Boo Hoo for Miss Boo

November 13, 2009

A clash over a domain name and alleged passing off has been dealt with in the High Court. In Wasabi Frog Ltd v Miss Boo Ltd and Gulfraz Mohammed [2009] EWHC 2767 (Ch), Mr Justice Warren granted a protective injunction to the owners of the miss boohoo brand, an online supplier of women’s fashion clothing, in their complaint against a newly created rival supplier operating at

The main case remained undetermined – the application dealt with in the judgment was one to restrain Miss Boo Ltd and Gulfraz Mohammed  from trading under or by reference to the marks or domain names “Miss Boo”, “” or any of the applicant’s marks or domain names “boohoo”, “” and “boo”, or any marks or domain names colourably similar thereto. The applicant also sought an order requiring the defendants to disable their website at Thus the initial issue mainly concerned the need for an injunctive remedy. Wasabi merely had to show a good arguable case (technically, indeed, just a triable issue), that damages alone would not prove an adequate remedy and succeed on the balance of convenience test.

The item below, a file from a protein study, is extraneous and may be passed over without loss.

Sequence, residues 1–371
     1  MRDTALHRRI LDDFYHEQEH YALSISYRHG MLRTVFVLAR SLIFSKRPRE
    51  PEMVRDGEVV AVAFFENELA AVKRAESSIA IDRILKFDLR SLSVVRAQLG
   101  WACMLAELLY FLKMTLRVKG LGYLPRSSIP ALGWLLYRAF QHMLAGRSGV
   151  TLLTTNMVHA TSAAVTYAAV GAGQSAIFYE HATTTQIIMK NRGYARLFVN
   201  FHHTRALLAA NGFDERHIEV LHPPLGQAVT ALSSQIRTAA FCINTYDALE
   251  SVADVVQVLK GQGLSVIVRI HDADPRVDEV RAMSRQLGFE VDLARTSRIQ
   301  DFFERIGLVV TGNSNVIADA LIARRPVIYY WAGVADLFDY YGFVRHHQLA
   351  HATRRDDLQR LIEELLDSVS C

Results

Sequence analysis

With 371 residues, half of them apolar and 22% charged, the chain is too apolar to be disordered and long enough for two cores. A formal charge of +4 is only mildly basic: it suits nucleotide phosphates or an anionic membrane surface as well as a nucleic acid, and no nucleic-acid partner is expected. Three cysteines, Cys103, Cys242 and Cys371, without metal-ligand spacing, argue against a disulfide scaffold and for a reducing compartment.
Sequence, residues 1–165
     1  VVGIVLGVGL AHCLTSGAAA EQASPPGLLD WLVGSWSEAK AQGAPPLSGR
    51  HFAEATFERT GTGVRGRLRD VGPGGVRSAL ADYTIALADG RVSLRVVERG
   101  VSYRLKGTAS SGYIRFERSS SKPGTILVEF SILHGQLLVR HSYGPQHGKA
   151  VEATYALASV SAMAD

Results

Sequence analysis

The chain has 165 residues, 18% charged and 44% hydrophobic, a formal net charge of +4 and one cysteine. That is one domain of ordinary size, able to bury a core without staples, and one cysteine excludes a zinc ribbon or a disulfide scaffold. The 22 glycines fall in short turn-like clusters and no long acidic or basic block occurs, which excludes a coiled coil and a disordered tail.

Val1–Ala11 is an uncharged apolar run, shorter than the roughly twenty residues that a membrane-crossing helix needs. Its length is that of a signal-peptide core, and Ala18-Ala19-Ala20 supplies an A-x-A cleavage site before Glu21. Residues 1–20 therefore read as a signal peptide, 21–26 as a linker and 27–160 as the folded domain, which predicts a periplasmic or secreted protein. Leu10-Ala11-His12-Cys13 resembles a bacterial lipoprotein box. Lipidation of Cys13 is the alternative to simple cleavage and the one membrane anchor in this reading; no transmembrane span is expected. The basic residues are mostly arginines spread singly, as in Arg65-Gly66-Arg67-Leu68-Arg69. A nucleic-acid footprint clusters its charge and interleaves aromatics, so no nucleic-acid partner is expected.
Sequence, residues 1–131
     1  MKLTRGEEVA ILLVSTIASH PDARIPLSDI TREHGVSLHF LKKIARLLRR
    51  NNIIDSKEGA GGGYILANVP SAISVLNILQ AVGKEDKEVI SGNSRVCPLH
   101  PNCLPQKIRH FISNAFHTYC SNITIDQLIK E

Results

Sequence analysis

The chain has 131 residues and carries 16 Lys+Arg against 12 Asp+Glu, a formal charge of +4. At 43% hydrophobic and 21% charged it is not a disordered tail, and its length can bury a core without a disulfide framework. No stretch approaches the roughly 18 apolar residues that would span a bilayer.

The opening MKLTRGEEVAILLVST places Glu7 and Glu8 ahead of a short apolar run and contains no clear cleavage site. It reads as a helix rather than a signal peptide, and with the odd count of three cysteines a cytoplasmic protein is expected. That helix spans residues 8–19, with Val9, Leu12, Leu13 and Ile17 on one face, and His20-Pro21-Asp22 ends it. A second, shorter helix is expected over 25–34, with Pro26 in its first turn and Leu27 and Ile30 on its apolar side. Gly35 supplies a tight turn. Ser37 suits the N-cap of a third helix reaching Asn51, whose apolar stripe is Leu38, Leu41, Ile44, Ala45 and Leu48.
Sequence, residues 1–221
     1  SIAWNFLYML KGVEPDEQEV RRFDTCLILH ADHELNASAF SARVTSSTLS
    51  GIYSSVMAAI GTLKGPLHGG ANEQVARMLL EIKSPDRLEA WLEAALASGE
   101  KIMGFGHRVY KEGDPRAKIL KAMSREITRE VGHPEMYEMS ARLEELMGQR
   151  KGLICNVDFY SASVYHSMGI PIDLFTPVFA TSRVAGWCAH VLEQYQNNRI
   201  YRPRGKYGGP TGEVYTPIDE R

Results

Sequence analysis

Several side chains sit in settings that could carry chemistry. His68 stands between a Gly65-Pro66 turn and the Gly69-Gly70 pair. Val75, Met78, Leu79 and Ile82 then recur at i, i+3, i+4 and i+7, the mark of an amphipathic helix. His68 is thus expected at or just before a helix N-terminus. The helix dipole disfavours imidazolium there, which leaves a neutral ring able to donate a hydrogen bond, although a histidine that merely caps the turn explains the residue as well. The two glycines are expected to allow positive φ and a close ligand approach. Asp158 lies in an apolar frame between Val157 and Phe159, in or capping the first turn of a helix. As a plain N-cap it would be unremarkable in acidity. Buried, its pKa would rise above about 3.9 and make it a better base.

Notwithstanding relatively lightweight evidence of confusion and his difficulty in putting himself in the place of a young girl living in the North of England, Mr Justice Warren favoured the applicant’s case.  

Particular points of interest in the case include the reliance on Google Adwords, Google Analytics and Internet searches generally as evidence of confusion. It is also striking to observe that the defendant started online trading only around 1 September 2009 and judgment was given on the application on 1 November; that must explain why the much cheaper Nominet dispute resolution system was not used.